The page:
You’re obviously talking about incredibly serious and weighted topics in your work – but you do it in a way that lifts all potential taboo, cumbersomeness, clashing. I think this takes serious skill! Do you think you communicate in the same way, on a daily basis, vernally and otherwise, in places where you’re not making artwork?
Well, I certainly hope that I do! I like to make it fun and not too heavy handed or didactic. There’s a lot of playfulness or joking around when working with the models. They know and understand the idea behind the work and have looked at my photo books and the biographies and some autobiographies of their female muse counterparts. They know they have been selected for their physical attributes and age – they are the eye candy, they are the object of beauty,,,,,AND they are all very bright creative young men.
I am so fortunate and grateful to have them. We just finished shooting some 16mm film with an old Bollex, like Andy Warhol used for his screen tests, the kind that doesn’t need a battery because there’s a crank on the film camera. The camera that we used was one that one of the models checked out for us to use from his filming class at college. He loaded the camera, showed me how to work the Bollex and was cameraman for two of the models filmed. We played the Boys are Back in Town as background music.
When I was printed the Boys of Collodion, I had the tune of Miss America and the voice of Bert Parks in my head, cued in my head, but I would hear/substitute/sing, There they are, The Boys of Collodion!
What’s one one of the first experiences you can describe that got you started on this project? What drew you in?
The dot red landscapes came about from a couple of experiences of that I had as a student in photography workshops. There are many different circles/groups of photography and I was pretty surprised to see ideas about representation that I thought of as sexist or archaic still viewed as the norm and the norm for beauty in these workshops. The workshops that are sold because the students have sanctioned access to certain human figure as their subject-the slim, keen featured young, naked woman.
Do you see yourself pursuing themes of gender, identity, feminism, power, in various ways going forward? Are there other related or non-related themes you find worth exploring? If so, how do you find it can all be tied together?
Yes, the idea is always what hooks me in and my ideas are always are about my relationship with visual culture and identity. What’s that phrase, the personal is the political? I don’t run around with a camera strapped on myself 24/7 documenting my life, I have ideas in my head that need to be created visually and since I’m a lousy renderer, the camera is my tool/weapon of choice.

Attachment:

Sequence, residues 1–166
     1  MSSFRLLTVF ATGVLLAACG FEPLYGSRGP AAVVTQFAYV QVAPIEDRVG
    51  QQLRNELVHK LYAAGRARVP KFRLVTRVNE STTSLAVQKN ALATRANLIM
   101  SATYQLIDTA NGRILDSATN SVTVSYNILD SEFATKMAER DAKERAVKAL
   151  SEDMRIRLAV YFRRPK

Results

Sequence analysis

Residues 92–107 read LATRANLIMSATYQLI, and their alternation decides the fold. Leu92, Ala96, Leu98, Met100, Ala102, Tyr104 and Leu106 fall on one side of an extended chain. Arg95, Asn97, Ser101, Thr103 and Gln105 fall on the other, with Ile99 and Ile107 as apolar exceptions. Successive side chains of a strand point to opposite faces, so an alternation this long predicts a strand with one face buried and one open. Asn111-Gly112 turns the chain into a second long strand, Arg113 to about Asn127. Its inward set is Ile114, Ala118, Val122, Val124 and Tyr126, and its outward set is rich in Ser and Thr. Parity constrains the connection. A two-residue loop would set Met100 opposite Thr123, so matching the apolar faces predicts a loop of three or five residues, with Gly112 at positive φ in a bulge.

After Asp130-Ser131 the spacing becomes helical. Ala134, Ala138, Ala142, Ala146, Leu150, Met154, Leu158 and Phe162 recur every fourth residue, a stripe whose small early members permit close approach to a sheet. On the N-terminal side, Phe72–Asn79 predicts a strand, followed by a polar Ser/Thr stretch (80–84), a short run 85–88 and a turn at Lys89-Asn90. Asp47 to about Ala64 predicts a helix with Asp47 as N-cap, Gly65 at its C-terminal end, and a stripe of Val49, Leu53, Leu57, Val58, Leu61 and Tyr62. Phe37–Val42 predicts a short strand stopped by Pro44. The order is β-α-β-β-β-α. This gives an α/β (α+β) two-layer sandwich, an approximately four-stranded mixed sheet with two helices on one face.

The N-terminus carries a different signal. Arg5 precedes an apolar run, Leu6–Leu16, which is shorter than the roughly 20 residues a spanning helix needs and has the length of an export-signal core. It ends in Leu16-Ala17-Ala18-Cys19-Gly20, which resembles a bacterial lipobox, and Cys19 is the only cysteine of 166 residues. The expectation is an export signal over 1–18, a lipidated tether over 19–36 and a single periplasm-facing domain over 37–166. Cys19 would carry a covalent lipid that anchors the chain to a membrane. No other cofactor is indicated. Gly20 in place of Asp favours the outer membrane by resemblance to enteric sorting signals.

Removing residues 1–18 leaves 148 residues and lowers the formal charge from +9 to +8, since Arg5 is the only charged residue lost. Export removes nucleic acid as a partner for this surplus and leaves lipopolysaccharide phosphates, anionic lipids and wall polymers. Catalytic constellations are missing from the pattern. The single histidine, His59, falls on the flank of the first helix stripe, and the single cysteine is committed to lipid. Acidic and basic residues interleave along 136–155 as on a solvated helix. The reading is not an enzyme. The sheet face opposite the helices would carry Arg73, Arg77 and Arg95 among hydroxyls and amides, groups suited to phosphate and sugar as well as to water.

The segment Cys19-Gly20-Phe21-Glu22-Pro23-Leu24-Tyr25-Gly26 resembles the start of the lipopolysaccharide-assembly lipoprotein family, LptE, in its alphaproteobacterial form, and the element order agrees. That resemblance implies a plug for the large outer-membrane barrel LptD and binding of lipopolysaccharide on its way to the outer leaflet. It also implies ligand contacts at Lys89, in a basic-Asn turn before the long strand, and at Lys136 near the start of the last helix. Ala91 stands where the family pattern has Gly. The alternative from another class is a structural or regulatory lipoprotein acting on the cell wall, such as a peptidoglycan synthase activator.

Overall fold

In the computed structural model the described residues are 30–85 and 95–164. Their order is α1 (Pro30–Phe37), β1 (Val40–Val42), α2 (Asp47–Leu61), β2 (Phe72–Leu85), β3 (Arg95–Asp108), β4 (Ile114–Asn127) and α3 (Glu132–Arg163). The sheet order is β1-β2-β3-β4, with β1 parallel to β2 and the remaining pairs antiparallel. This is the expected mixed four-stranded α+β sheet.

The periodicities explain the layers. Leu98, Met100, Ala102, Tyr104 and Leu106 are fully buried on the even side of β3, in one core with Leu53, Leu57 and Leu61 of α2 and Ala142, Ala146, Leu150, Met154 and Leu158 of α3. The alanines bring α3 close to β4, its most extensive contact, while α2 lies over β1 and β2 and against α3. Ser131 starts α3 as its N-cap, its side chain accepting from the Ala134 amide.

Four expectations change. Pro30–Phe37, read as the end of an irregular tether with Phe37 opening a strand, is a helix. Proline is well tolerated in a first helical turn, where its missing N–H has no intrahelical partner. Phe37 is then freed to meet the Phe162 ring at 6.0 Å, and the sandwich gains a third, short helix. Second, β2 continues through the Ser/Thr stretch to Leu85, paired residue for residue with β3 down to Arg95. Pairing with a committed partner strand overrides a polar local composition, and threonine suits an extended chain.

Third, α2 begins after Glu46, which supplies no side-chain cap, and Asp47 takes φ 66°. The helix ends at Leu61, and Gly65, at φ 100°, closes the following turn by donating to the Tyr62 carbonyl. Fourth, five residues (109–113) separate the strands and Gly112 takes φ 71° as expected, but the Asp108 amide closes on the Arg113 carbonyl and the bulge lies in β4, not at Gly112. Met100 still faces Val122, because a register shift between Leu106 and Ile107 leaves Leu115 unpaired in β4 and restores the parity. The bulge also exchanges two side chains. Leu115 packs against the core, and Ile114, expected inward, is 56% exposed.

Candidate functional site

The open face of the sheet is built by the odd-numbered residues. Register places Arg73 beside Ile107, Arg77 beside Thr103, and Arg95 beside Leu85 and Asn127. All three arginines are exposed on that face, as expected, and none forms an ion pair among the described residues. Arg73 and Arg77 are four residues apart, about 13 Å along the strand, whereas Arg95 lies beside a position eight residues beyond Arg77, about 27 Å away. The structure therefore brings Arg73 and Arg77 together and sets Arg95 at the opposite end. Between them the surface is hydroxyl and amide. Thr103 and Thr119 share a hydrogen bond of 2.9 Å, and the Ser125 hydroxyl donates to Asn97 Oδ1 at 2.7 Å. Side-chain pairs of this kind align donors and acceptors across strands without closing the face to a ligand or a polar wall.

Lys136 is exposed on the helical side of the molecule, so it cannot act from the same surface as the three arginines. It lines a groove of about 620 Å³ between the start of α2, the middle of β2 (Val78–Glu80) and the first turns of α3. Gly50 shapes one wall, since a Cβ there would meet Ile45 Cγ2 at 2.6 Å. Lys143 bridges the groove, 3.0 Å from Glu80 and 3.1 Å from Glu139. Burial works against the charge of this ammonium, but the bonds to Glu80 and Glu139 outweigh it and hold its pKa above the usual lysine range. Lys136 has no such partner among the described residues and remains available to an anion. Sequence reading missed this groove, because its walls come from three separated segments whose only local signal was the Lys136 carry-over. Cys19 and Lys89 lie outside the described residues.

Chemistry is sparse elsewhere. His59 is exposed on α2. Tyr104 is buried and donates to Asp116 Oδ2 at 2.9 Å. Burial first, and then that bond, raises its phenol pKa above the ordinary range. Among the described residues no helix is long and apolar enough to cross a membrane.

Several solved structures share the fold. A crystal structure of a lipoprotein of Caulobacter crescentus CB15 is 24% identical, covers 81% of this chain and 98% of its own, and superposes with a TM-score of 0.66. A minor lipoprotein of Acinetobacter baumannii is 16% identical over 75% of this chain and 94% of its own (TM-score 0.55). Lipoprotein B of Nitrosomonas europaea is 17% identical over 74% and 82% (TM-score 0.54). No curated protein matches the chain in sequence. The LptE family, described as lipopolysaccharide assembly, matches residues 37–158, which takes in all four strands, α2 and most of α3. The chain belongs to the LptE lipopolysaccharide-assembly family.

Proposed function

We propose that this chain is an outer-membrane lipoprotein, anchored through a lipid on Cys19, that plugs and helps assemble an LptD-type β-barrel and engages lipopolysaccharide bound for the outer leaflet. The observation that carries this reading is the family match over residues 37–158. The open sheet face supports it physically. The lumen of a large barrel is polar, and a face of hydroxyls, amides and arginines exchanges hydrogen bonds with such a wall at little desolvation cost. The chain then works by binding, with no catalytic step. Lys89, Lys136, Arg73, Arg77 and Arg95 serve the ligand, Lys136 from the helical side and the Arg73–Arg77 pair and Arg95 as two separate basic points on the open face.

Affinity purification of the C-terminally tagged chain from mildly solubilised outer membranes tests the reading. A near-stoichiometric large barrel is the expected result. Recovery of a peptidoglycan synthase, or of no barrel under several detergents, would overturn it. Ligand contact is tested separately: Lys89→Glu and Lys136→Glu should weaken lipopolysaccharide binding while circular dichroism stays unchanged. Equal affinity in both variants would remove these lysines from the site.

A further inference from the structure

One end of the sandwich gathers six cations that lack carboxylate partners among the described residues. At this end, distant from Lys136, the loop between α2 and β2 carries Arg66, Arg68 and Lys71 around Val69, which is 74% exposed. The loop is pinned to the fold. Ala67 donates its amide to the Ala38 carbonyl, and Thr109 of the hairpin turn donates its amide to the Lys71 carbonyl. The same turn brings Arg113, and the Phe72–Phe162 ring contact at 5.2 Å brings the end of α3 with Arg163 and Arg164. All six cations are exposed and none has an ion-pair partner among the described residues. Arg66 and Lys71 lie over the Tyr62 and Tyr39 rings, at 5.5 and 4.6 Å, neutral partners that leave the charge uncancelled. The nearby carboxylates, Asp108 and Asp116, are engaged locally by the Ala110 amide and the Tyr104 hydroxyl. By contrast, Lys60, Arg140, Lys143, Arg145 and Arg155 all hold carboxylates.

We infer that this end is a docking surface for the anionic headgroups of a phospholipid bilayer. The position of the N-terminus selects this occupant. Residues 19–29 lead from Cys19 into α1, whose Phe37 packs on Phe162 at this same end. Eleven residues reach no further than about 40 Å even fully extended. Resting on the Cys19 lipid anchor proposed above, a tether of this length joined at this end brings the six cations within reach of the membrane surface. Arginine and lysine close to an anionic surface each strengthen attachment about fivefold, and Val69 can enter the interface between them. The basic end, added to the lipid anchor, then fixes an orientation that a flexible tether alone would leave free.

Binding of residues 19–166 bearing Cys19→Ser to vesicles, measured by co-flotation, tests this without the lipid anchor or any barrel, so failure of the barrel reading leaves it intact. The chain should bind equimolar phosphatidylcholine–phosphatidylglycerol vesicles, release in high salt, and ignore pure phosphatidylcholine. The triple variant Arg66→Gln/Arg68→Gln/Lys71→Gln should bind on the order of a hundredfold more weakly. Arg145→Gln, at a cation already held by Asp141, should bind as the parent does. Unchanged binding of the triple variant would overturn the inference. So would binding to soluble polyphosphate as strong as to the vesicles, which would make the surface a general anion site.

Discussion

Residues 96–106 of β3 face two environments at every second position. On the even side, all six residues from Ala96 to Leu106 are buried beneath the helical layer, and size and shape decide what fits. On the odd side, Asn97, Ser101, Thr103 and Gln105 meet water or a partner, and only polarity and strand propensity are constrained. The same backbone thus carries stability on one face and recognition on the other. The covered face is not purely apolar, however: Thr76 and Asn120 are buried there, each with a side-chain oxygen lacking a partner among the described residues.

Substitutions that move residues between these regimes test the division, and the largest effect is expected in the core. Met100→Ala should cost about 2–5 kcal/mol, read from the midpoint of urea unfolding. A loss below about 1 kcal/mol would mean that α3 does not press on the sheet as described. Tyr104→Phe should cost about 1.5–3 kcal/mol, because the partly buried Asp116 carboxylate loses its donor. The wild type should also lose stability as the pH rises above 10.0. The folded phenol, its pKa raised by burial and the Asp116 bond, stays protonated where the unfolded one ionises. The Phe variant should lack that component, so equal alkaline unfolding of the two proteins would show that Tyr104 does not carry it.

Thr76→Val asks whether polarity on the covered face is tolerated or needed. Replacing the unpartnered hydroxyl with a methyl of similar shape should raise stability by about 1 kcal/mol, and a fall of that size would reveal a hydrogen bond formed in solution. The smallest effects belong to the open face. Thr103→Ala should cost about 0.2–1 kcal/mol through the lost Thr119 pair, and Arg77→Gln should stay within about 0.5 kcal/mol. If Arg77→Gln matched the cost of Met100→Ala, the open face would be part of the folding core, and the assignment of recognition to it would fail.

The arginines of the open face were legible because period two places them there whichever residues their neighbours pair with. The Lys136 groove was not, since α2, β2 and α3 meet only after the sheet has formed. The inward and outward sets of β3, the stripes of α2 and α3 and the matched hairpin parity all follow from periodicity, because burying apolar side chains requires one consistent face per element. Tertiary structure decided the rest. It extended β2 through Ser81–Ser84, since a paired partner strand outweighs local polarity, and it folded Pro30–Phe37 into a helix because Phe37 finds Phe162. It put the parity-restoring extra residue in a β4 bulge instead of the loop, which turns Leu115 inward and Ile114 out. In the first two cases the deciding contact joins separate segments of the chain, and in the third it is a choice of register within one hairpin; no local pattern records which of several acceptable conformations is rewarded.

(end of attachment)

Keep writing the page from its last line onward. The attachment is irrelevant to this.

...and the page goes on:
Finally, what’s a book/movie/quote/person/artist/or place, that’s is giving you inspiration these days?
There’s so many! I just saw Greta Gerwig’s directorial debut, Lady Bird, in Austin a couple of weeks ago when it premiered at The Austin Film Festival. A friend invited by the festival’s sponsor invited me and I had no idea what the film was going to be like and had made the assumption that it was a documentary about the life of First Lady, Lady Byrd Johnson. It was simply wondrous, poignantly and humorously evoking the pathos and pleasure of a girls senior year in high school senior without her identity being tied to a male character- companion/suitor/boyfriend-so refreshing, so funny and so endearing. Last night I went to see it again with my daughter and three of her girlfriends. They love it too.
Naked Lady: A Dot Red, a series of hand-pulled photogravures, explores new perspectives on traditional genres and images found in landscape and portrait photography. By combining historical photographic techniques with more contemporary conceptual strategies, these works shift the focus of attention, and enable a reconsideration of its classical subjects Blackwood’s work employs both historic and modern photographic techniques to critique and give a contemporary and feminist voice to her photography. Exploring the idea of “the figure” with a red dot, backgrounded by historical landscape photographs, tradition and contemporary theory mingle, merge and clash. These traditional landscapes – historically photographed by men – act as metaphor for a male view, and through this the feminine metaphor of the “red dot” emerges and creates a visual enigma which deliberately defies this tradition. Often and traditionally portrayed as nudes, the female body in photographs stands in stark contrast to the portrayal of men – often the ones taking the portraits – famous male photographers such a Weston, Steiglitz, Man Ray, etc, who commonly employed “the male gaze” approach. A final, distressing statement is made in the last photo of the series, the red dot itself, with an anonymous female figure, divided. – Tanner Young, Filter Photo